Our Hedgeye Housing Compendium table (below) aspires to present the state of the housing market in a visually-friendly format that takes about 30 seconds to consume.

 

Purchase Apps | October = Underwhelming - Compendium 110415

 

Today's Focus: MBA Mortgage Applications

 

Purchase Demand declined -0.6% week-over-week while decelerating -300 bps to +19.3% year-over-year.

 

The latest weekly data is largely uneventful but, on the margin, the last three weeks of October have seen a modest pullback in activity relative to both September and recent quarter averages.  Excluding the weeks immediately prior to and post TRID implementation, purchase demand in October is tracking -5.6% and -4.5% relative to August and the 3Q15 average (see 1st chart below).  Given the progressively easier back half comps, growth has remained solid and steady on a year-over-year basis at ~+20% YoY.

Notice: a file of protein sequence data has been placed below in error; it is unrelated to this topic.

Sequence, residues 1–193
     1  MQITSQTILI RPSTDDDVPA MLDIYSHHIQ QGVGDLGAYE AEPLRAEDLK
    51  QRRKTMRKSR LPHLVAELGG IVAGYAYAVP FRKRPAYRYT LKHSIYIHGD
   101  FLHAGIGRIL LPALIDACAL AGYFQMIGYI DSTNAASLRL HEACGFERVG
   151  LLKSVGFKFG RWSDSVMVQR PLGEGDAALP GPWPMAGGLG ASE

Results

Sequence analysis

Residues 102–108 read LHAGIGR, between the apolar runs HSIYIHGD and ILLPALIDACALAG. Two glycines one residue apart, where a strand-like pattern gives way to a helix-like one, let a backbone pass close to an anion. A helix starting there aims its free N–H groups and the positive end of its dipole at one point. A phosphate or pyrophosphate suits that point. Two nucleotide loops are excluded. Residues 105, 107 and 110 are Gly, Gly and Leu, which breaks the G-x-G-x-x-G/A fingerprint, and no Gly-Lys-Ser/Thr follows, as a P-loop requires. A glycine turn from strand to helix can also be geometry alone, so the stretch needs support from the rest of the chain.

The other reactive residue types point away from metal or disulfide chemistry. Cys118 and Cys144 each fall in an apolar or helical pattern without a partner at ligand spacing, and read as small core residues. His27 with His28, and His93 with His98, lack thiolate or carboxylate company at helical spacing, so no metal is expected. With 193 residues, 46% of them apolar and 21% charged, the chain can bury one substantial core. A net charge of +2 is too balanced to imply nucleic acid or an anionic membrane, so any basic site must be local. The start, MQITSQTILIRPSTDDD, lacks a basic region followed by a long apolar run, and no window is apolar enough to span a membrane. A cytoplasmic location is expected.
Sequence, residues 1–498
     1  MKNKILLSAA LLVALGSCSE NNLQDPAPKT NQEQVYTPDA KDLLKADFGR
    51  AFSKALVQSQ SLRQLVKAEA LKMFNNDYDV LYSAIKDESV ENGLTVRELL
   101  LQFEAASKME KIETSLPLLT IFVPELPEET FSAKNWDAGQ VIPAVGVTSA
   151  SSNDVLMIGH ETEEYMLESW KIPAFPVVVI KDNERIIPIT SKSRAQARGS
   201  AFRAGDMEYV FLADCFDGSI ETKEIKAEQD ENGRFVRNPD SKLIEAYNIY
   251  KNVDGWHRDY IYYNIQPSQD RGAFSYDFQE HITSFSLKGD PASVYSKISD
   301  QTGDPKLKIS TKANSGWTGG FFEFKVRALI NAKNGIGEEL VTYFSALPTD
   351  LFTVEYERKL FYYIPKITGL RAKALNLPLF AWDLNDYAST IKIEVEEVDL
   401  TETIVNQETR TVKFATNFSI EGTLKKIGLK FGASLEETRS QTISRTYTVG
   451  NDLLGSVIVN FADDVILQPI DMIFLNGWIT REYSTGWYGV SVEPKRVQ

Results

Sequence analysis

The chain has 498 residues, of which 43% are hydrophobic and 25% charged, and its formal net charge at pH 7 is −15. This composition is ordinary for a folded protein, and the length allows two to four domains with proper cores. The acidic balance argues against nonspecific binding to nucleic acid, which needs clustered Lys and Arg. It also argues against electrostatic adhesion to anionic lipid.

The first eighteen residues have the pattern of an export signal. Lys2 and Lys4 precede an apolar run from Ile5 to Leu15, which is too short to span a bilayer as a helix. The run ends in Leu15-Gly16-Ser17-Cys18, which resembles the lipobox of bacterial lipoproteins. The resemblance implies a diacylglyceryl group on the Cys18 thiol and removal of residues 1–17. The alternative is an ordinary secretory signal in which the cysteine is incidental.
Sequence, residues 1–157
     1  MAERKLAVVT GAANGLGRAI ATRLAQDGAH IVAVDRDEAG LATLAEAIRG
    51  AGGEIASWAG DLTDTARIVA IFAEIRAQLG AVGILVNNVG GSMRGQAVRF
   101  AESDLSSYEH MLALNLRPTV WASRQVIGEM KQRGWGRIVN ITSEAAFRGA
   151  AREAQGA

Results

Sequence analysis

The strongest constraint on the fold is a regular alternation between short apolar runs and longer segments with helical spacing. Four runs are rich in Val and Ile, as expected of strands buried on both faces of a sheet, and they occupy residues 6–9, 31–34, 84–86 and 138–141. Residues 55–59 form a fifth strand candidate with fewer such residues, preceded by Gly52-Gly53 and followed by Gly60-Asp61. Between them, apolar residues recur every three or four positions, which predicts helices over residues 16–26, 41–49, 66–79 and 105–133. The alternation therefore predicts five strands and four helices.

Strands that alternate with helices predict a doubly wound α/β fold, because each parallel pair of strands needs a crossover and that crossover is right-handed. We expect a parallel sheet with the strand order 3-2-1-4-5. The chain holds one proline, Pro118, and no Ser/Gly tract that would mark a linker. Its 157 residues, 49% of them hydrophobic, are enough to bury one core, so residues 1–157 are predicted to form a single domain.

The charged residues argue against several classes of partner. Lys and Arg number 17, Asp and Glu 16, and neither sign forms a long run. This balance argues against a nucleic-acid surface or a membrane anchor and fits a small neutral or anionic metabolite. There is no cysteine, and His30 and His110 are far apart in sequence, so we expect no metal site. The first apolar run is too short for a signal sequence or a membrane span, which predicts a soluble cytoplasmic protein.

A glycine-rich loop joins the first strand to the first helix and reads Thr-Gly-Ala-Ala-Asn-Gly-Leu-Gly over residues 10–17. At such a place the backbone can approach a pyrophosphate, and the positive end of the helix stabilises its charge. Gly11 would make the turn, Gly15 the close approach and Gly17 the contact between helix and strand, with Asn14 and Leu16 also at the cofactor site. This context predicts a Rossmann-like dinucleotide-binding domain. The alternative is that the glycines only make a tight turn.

Meanwhile, rates on the 30Y FRM contract moved back above 4%, rising +3bps in the latest week as the bond market bid both the short and long end higher in response to the rhetorically hawkish commentary out of the FOMC October meeting. At current levels, rates are in-line with the 2015 average of 4.02% and below the 4.35% average for 2014.  

 

 

Purchase Apps | October = Underwhelming - Purchase 2015 Monthly

 

Purchase Apps | October = Underwhelming - Purchase 2013v14v15

 

Purchase Apps | October = Underwhelming - Purchase   Refi YoY

 

Purchase Apps | October = Underwhelming - Purchase Index   YoY Qtrly

 

Purchase Apps | October = Underwhelming - Purchase LT

 

Purchase Apps | October = Underwhelming - Purchase YoY

 

Purchase Apps | October = Underwhelming - 30Y FRM

 

 

 

About MBA Mortgage Applications: